WNBA Brittney Griner was transferred to a Russian penal colony after losing an appeal to be released and sent back to the United States, her attorneys announced Wednesday.
She was transferred to the maximum-security prison one day after American diplomats visited her. Neither U.S. officials nor her lawyers were aware of her transfer until earlier this year. Officials further indicate that her family may not know where exactly she will be held for at least two weeks.
“Notification is given via official mail and normally takes up to two weeks to be received,” her lawyers said.
Russian penal colonies are known for their severe and brutal conditions – conditions that U.S. Secretary of State Antony Blinken said were “another injustice layered on her ongoing unjust and wrongful detention.”
“As we work to secure Brittney Griner’s release, we expect Russian authorities to provide our Embassy officials with regular access to all U.S. citizens detained in Russia, including Brittney, as is their obligation,” Blinken said. “Ensuring the health and welfare of U.S. citizen detainees in Russia is a priority, and we will continue to press for fair and transparent treatment for them all.”
White House press secretary Karine Jean-Pierre echoed Blinken’s sentiments, stating that the Administration is working tirelessly to bring Griner back home.
“Every minute that Brittney Griner must endure wrongful detention in Russia is a minute too long,” White House press secretary Karine Jean-Pierre said in a statement. “As the Administration continues to work tirelessly to secure her release, the President has directed the Administration to prevail on her Russian captors to improve her treatment and the conditions she may be forced to endure in a penal colony.”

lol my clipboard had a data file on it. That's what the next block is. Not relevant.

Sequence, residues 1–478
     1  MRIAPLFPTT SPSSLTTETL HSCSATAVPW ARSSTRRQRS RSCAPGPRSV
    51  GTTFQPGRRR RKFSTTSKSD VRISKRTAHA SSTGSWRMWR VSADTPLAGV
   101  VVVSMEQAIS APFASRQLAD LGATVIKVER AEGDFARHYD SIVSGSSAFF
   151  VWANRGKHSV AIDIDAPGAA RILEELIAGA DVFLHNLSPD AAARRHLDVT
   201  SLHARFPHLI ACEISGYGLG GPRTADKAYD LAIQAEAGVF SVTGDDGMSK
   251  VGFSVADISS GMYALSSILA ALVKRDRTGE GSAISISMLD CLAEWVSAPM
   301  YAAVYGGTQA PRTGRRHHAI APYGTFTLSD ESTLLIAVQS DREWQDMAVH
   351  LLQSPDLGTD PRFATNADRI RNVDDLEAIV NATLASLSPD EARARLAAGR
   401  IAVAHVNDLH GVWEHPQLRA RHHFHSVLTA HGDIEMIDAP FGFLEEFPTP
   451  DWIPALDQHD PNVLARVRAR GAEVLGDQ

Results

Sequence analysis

Griner’s agent, Lindsay Kagawa Colas, also released a statement, advocating that the public should remain to pour support for the detained basketball player. “Our primary concern continues to be BG’s health and well-being. As we work through this very difficult phase of not knowing exactly where BG is or how she is doing, we ask for the public’s support in continuing to write letters and express their love and care for her.”
Colas said that she is working closely with the U.S. government and the Richardson Center, an organization that works to bring Americans detained abroad back home. Bill Richardson, the organization’s lead and former U.S. ambassador to the United Nations who is working with Colas “is using all available resources to determine her whereabouts, ensure her safety and bring her home,” Colas said. “We are thankful for everyone’s support, and hope that as we near nine months of detention, that BG and all wrongfully detained Americans will be shown mercy and returned home to their families for the holidays.”
Griner pleaded guilty to smuggling hashish oil into Russia in July and has been detained in a Russian jail since February.
“In the subsequent weeks, despite a lack of good faith negotiation by the Russians, the U.S. Government has continued to follow up on that offer and propose alternative potential ways forward with the Russians through all available channels,” read a statement from U.S. officials. “The U.S. Government is unwavering in its commitment to its work on behalf of Brittney and other Americans detained in Russia — including fellow wrongful detainee Paul Whelan.”
“Neither Brittney’s family, including her wife Cherelle or her Russian legal team will have any further statements or press availability at this time,” her attorneys said.